“There is no prodigy in our profession.” – Luciano Pavarotti
So far, so good. That’s the status report from Tachyum, the ambitious startup creating Prodigy, a chip design it calls “the world’s first universal processor.” Prodigy is billed as being faster, cheaper, smaller, and more efficient than any other CPU. Oh, and it runs those other processors’ binaries, too. Is there anything this chip can’t do?
Well, it’s a long way from shipping yet, so we’ll have to wait and see. But the company has made some progress on the software front, demonstrating its on-the-fly runtime binary translation.
Tachyum is targeting server manufacturers with its wonder chip, so it knows that server-side software stacks will be important. For those customers, the famous LAMP set – Linux, Apache, MySQL, and PHP/Perl/Python – is the acid test. If you can run the LAMP stack you’re most of the way toward building a useful server. It’s the Lotus 1-2-3 or Microsoft Flight Simulator of compatibility tests.
Fortunately, LAMP software is all open-sourced, which means it can be compiled for absolutely any processor. Unfortunately, not all server operators are interested in compiling, linking, and maintaining their own code. They want shrink-wrapped software, and they want it to run without hiccups. Besides, LAMP is just the start. There are usually proprietary applications running on top of LAMP, and those often can’t be recompiled. Result: backward compatibility with today’s x86 servers is a must-have.
Tachyum started work on its x86 translator almost as soon as Prodigy itself. The company knew that curious customers would want to see their own code running on Prodigy before placing any big bets on the unusual processor. The translator is designed to be transparent, detecting x86 binaries at load time and converting on the fly. It’s dynamic, not static, translation, so no recompiled version is ever stored. It operates much like Apple’s PowerPC-to-x86 translation worked, or Sun’s x86-to-SPARC. The hardest part, says Tachyum’s CEO Rado Danilak, was tweaking the Linux port to make the whole operation appear transparent. As far as the user knows, the machine is executing Prodigy binaries.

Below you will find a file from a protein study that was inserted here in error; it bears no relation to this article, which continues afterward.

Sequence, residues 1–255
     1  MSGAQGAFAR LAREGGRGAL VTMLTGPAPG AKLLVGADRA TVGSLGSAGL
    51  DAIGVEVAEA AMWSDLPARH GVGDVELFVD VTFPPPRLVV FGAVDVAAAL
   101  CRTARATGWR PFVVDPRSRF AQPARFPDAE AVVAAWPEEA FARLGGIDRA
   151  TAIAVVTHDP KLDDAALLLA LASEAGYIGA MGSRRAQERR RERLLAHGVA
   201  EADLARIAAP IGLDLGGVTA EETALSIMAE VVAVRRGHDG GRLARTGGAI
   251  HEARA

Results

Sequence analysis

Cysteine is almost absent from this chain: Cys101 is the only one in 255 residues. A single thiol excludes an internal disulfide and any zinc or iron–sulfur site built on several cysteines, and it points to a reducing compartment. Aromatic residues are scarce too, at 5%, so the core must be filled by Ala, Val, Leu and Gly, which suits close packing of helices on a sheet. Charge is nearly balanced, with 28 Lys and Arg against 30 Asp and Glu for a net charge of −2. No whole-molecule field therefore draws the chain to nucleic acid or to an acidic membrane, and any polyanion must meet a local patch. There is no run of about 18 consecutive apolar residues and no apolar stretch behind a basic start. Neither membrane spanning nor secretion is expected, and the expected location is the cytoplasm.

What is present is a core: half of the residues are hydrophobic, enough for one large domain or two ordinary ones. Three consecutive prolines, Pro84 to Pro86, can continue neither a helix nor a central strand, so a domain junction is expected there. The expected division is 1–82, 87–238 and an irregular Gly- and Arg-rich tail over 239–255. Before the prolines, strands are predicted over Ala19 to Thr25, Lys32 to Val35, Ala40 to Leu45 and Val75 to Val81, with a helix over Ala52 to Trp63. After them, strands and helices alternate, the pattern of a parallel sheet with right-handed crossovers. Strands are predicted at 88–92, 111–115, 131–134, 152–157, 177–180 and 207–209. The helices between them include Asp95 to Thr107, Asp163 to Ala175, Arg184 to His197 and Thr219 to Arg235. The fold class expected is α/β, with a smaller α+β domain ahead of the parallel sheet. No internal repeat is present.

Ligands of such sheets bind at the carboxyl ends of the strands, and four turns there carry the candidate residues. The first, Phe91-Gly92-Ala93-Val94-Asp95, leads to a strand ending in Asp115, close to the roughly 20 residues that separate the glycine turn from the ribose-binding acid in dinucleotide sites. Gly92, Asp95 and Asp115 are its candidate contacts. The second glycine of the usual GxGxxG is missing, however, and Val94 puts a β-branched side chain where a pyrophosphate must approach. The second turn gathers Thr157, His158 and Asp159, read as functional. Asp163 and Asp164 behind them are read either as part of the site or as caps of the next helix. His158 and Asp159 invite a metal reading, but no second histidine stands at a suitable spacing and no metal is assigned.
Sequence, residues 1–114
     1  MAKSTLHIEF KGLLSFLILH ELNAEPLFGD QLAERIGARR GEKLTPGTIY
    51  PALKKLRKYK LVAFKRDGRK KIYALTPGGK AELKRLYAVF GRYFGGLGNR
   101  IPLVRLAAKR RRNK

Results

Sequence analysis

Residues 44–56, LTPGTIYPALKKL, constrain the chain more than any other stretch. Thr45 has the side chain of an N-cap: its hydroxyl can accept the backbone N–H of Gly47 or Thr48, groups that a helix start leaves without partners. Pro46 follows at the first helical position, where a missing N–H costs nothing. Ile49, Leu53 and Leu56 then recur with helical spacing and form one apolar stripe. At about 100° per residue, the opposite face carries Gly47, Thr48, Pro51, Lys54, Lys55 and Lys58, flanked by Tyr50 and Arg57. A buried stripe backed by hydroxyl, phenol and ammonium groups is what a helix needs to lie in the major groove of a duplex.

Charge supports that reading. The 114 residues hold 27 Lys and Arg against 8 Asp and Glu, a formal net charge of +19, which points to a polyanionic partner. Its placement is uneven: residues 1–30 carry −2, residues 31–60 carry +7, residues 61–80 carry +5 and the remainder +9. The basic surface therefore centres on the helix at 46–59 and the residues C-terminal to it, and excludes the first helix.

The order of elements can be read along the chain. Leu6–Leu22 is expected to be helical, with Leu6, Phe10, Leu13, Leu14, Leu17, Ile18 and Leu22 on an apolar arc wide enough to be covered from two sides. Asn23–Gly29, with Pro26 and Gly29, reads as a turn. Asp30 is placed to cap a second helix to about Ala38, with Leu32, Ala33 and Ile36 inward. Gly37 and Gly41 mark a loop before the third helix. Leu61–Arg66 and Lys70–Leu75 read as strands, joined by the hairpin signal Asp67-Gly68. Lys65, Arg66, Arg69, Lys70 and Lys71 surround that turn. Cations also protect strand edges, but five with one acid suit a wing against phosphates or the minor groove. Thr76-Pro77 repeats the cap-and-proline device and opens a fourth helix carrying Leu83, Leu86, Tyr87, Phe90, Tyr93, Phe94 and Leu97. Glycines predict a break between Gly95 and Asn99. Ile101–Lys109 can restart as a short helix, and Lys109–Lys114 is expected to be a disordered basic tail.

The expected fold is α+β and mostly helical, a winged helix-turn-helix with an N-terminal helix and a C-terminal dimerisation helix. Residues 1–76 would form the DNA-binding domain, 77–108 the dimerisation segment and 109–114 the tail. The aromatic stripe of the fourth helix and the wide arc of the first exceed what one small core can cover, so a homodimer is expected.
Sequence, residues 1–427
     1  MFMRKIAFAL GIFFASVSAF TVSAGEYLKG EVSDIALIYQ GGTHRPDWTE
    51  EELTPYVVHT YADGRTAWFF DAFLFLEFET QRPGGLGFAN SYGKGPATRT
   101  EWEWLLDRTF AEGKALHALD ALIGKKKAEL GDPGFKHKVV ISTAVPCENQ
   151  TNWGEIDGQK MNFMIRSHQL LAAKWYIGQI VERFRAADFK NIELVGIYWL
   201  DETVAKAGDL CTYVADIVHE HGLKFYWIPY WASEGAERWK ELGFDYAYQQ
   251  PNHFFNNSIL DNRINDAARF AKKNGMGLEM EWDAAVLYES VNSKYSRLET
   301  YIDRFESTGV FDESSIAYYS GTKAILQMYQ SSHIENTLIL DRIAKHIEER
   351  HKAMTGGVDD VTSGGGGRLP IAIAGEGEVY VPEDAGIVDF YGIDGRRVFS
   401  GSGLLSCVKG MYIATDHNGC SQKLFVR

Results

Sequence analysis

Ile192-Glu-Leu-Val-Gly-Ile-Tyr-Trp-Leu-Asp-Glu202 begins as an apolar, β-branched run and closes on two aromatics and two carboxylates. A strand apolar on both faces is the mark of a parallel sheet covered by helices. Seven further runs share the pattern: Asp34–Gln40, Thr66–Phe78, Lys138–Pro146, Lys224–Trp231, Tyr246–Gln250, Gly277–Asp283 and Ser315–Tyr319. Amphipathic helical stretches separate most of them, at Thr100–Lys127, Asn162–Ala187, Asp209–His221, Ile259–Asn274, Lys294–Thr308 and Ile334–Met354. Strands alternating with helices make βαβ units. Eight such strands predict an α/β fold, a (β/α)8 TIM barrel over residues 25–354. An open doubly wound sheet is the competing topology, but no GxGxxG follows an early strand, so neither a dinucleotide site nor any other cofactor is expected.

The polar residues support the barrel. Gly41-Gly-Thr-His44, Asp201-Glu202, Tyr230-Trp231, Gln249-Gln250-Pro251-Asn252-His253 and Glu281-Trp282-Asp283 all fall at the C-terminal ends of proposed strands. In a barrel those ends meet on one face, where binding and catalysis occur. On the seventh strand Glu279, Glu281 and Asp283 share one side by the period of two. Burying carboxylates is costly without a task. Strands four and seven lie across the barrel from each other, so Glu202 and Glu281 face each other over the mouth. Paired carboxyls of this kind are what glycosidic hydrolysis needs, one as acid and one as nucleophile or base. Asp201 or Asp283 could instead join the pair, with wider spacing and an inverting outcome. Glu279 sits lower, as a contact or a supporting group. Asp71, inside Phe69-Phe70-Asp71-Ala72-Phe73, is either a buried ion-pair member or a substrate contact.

But the company didn’t stop there. It’s also developed ARM and RISC-V translators for Prodigy, too. There aren’t too many ARM-based servers out there, but the architecture is getting just enough traction in the market to warrant building a separate translator for it. Customers looking at something like Ampere’s Altra or Marvell’s ThunderX2 (both ARM-based) can now add Prodigy into the mix without having to rejigger any code.
The RISC-V translator seems a bit odd, though. Why go to all that trouble for a CPU with virtually no server presence? Danilak blames politics. A few academic research teams and government projects have “open source” or “no x86” clauses written into their funding. This tends to drive people toward RISC-V, almost by default. To make the shortlist for those projects, Prodigy needs to make itself look like a RISC-V processor.
The first Prodigy chips are easily a year away. The company hasn’t even built its massive FPGA-based prototype yet; that comes in November if all goes well. So, even native Prodigy code is running in emulation on development systems, which makes the other three all emulations of an emulation.
Are these binary translators intended to be permanent, or just a short-term fix for customer evaluation? Both, says Danilak. Having translators at the ready allows customers to deploy new hardware with existing software, and he intends for the emulators to reflect favorably on Prodigy’s prowess. Eventually, he says, customers will recompile the parts they can and get better native performance. The parts they can’t recompile will continue to run in emulation for as long as necessary. His team is developing each binary translator just enough to be useful and reliable but without tweaking them endlessly to get maximum performance. That rapidly reaches the point of diminishing returns, and their talents could be better spent elsewhere, he says.
Something is always lost in translation, and Tachyum’s x86 translator loses about 35% in performance versus the same code running on Intel hardware, according to the company. A one-third drop in performance isn’t bad, given how complicated x86 binary translation can be. You could even argue that Prodigy runs x86 code faster than a low-end Xeon processor. It all depends on what you choose to benchmark yourself against. On the other hand, all of these numbers are simulated, including Prodigy’s own native performance, so it’s hard to say whether that emulated emulation efficiency will translate to real hardware. Issues like memory latency or pipeline interlocks can lie hidden until well past the simulation stage.
Emulating ARM’s instruction set is easier (no surprise there), so Prodigy loses only about 25–30% in emulation. No word on how well the RISC-V translator performs.
In its current state, the Prodigy processor – or at least, a box simulating its design – can run code from four wildly different CPU architectures, all at the same time. So far, the team seems pleased with their progress. Emulated behavior matches their C models. It passes short 1000-cycle tests. An in-house FPGA simulation box is on the horizon. Verification and integration of peripherals still lie ahead. Who knows? Maybe in a year we’ll see how prodigious this Prodigy really is.